By Julia Simon and Jessica Resnick-Ault
NEW YORK (Reuters) - Oil prices rose to near eight-week highs on Wednesday, with Brent crude futures above $50 a barrel, as a much steeper than expected decline in U.S. inventories encouraged hopes the global crude glut would recede.
Brent crude futures <LCOc1> settled up 77 cents or 1.5 percent to $50.97 a barrel. U.S. West Texas Intermediate futures <CLc1> rose 86 cents or 1.8 percent to $48.75 a barrel.
U.S. crude stocks fell last week as refineries hiked output and imports dropped, while gasoline stocks decreased and distillate inventories fell, the Energy Information Administration said.
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Crude inventories fell 7.2 million barrels in the week ending July 21, far exceeding the 2.6 million barrel forecast. It was the fourth straight weekly decline, bolstering hopes that the long-oversupplied market was moving toward balance.
On Monday, Saudi Arabia said it would limit oil exports to 6.6 million barrels per day (bpd) in August, down nearly 1 million bpd from a year earlier.
"Today’s report has strengthened the bullish sentiment already prevailing in the market, although the longevity of the move remains in doubt," said Abhishek Kumar, Senior Energy Analyst at Interfax Energy’s Global Gas Analytics in London. "Nevertheless, the country’s crude and gasoline stockpiles remain above their five-year averages, which will cap price gains."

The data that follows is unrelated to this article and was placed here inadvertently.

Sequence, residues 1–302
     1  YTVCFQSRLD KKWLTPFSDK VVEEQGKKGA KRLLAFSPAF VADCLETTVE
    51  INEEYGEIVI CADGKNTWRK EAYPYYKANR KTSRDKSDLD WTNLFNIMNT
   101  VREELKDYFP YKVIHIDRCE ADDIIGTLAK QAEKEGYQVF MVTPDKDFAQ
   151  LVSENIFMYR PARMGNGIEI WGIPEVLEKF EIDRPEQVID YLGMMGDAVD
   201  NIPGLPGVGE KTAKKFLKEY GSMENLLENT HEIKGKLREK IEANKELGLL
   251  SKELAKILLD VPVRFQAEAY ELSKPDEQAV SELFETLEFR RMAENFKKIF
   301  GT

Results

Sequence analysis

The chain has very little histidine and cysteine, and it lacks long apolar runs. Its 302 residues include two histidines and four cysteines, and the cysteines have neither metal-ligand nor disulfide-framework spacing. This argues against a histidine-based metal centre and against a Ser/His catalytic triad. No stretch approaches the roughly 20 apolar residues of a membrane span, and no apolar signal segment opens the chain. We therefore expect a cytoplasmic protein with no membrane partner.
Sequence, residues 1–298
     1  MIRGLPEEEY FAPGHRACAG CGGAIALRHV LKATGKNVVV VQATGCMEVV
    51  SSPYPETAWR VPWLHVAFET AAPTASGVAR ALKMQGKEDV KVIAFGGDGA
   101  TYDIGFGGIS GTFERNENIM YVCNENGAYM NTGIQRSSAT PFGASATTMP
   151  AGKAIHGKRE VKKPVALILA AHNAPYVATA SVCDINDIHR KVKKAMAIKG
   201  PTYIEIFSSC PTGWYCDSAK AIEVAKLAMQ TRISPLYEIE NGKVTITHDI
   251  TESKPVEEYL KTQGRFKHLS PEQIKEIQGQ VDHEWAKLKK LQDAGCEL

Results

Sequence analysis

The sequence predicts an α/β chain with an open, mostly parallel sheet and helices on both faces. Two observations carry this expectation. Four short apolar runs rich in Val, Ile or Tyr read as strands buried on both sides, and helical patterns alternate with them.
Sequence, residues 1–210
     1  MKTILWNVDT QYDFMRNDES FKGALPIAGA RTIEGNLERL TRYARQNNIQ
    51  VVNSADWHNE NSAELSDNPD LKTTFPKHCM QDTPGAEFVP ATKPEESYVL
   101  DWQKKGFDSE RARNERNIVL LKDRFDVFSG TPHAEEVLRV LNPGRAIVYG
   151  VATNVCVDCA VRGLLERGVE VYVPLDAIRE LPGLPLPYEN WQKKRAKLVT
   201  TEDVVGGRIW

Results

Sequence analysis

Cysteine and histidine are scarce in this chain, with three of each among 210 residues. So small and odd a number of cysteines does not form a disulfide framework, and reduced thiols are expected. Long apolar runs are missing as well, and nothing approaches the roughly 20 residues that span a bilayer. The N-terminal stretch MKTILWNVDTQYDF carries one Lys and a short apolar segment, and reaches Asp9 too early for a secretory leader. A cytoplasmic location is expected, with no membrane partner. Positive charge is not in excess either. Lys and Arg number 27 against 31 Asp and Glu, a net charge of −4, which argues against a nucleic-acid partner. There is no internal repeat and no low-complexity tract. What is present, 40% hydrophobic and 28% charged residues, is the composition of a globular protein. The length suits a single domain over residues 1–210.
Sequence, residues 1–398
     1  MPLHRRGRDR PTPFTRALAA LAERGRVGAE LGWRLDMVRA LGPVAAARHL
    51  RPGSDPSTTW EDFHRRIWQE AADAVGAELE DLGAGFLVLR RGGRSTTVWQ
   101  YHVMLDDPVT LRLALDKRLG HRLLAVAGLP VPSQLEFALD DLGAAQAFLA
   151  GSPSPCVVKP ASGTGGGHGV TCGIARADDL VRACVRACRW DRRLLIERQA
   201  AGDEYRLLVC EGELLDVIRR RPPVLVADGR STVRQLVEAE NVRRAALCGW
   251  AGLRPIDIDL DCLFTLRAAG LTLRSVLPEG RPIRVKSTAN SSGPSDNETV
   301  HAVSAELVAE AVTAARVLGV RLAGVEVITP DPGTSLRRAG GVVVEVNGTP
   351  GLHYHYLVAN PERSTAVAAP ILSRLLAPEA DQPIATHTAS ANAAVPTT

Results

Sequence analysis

The drawdown was a combination of higher exports from the United States, a marginal decline in oil output and a rise in the refinery utilization rate, he said.
"The market has been tightening and the refinery margins are strong," said PetroMatrix managing director Olivier Jakob, adding the U.S. stock draw offered a boost to prices. "You add geopolitical risk premium for Venezuela, and you've got a strong market."
In Venezuela, an OPEC member producing about 2 million bpd of oil, President Nicolas Maduro's opponents launched a two-day national strike to push him to abandon a weekend election. The United States is considering financial sanctions to halt dollar payments for Venezuelan oil. [nL1N1KH0BN]
Nigerian output slipped this week as leaks forced Shell to shut a pipeline exporting some 180,000 bpd of oil. Nigeria, which has been exempted from OPEC-led production curbs, has agreed to cap or cut output when it stabilized at 1.8 million bpd.
But analysts said rallying oil prices could encourage more production, particularly from the United States.
"Any price rebound will only embolden U.S. shale producers at a time when rumors have started to emerge that the U.S. shale boom is slowing," PVM oil analyst Stephen Brennock said in a note.
(Additional reporting by Fergus Jensen in Singapore and Libby George in London; Editing by Andrew Hay and David Gregorio)